by Scott Grammer
On April 18, 2016, Rikki Martinez, 39, was a pretrial detainee at the Elmwood Correctional Facility in Santa Clara, California. According to a complaint filed in federal court, on that day deputies alleged that Martinez had kicked another deputy in the face. As a result, he was to be moved out of Elmwood and housed in the main jail.
Sergeant Elmer Wheeler, who was working at the main jail in intake/booking, was reportedly informed about the kicking incident and Martinez’s impending move. Wheeler was accused of conspiring with guards Salvadore Jacquez, Jon Quiro, Jason Satariano, Eamonn Dee and Adam Torrez to “give [Martinez] a beating as punishment.” He allegedly went so far as to explain to the other guards how they would proceed, what parts they would play and how to make the beating “seem spontaneous and legitimate” on video.
Martinez, who had been diagnosed with PTSD by a jail doctor in 2015, and was medicated accordingly, claimed he was punched “in the face three to five times with a closed right fist” by Jacquez while being held down by Satariano. Martinez “could be heard straining to exclaim, ‘I can’t breathe! I can’t breathe!’ as at least three deputies were on top of him as he laid face first on the bed.” Then Torrez allegedly hit Martinez at least twice.
Martinez was moved to the jail infirmary where nurses called an ambulance to take him to an emergency room. His right eye was swollen completely shut. Martinez’s emergency contact, his mother, was not notified despite his repeated requests that she be called. The next day, Martinez slipped a note to another prisoner in the infirmary asking that he call his mother to let her know what happened. He did so, saying, “Your son got beat up by officers last night. He says he loves you and to come see him.”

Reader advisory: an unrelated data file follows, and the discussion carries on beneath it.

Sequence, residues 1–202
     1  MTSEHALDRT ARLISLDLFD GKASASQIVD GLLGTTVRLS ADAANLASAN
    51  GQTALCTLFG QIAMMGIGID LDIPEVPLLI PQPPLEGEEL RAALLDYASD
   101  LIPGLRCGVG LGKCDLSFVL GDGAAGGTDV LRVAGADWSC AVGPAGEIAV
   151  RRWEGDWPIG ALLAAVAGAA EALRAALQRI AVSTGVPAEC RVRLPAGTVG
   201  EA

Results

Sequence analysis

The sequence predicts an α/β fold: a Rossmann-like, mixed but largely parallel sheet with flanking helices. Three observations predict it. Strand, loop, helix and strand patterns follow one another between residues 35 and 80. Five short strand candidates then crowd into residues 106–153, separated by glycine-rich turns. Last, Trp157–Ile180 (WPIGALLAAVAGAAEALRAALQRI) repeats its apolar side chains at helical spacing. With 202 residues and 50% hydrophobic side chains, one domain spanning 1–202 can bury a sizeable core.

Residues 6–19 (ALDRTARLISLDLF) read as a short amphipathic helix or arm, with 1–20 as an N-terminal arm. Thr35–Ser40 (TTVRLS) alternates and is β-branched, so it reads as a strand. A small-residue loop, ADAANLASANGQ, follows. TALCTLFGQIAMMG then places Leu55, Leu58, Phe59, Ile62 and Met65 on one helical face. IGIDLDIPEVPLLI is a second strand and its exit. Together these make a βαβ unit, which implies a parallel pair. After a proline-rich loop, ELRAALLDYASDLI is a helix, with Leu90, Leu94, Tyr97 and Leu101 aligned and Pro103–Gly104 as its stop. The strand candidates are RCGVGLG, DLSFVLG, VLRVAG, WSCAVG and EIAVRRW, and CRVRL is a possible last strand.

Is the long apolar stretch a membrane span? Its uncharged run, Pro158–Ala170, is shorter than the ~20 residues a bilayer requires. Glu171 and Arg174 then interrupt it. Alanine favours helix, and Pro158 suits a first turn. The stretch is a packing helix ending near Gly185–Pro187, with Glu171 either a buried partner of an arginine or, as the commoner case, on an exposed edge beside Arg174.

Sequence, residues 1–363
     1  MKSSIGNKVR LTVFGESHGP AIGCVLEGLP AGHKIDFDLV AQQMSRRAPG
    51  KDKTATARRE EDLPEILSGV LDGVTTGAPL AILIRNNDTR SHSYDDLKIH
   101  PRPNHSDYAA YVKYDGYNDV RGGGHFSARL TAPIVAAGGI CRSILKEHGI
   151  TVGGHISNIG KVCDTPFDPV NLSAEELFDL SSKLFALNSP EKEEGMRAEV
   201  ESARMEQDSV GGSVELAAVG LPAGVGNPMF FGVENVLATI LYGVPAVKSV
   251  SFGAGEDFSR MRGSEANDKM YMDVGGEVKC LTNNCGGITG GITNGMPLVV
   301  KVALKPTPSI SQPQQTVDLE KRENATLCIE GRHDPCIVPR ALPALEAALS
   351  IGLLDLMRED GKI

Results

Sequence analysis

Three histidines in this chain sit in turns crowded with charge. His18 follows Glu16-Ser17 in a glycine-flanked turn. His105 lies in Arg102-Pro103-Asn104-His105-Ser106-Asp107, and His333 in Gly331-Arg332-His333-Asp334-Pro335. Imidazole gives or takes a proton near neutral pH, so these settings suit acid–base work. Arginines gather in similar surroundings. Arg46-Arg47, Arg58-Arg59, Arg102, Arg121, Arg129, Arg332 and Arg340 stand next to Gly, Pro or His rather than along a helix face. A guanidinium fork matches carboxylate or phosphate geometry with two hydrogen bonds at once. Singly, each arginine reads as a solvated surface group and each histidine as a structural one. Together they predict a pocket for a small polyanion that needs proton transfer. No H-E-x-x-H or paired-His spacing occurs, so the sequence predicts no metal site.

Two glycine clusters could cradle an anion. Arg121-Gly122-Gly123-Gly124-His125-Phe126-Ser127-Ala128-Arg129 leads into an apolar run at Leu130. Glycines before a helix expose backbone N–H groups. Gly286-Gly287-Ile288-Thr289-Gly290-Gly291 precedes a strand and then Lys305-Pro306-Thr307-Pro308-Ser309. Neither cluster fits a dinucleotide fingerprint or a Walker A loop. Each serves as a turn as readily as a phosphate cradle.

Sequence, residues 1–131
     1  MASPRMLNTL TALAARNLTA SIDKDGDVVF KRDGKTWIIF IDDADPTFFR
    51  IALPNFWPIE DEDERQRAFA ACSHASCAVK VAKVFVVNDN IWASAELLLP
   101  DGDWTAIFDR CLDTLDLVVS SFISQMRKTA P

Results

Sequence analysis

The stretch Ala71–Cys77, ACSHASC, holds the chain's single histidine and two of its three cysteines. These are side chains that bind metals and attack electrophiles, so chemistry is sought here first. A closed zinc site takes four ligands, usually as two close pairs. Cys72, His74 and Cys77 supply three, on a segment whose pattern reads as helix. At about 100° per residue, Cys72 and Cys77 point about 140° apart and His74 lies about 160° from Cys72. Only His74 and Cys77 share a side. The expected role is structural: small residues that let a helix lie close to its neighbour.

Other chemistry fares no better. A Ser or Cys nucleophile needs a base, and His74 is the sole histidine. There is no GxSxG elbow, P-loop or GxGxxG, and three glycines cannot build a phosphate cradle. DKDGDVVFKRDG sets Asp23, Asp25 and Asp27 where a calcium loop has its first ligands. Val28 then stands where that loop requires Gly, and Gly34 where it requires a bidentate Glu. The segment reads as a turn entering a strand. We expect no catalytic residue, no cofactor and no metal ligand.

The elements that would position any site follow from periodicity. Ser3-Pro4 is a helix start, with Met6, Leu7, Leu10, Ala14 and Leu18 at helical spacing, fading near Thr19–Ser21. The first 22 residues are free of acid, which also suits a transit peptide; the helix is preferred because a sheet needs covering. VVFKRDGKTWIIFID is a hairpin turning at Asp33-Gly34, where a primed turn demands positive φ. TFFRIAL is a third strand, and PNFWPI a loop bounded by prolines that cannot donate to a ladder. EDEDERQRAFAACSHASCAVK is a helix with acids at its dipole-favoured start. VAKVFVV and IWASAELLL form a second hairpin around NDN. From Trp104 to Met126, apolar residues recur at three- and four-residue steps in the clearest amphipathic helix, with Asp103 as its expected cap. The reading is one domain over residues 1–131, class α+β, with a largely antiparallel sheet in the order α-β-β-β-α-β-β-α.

Martinez’s mother began trying to get information from the jail and attempted to visit her son. The infirmary nurse told her he “just had an injury to his right eye,” and that “she wanted [him] to stabilize on his medications first,” which would take about two more days.
Martinez’s girlfriend and his mother scheduled a visit on April 22, 2016 and arrived an hour early to check in, but were told the visit had been canceled because they arrived too late. Martinez’s mother was not allowed to see him until April 26, a full week after the beating. His eyes were still black and he had “visible knots” on his head. He also suffered a bloody nose and chipped front tooth.
A settlement was reached on September 19, 2018, awarding Martinez $365,000. Attorney Robert Powell, who filed the lawsuit with co-counsel Sarah Marinho, said, “He was basically given vigilante justice.... [The settlement] indicates there is some accountability for what was done to Mr. Martinez.” See: Martinez v. Santa Clara, U.S.D.C. (N.D. Cal.), Case No. 5:16-cv-05626-LHK.
Additional source: mercurynews.com
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Related legal case
Martinez v. Santa Clara
|Cite||U.S.D.C. (N.D. Cal.), Case No. 5:16-cv-05626-LHK|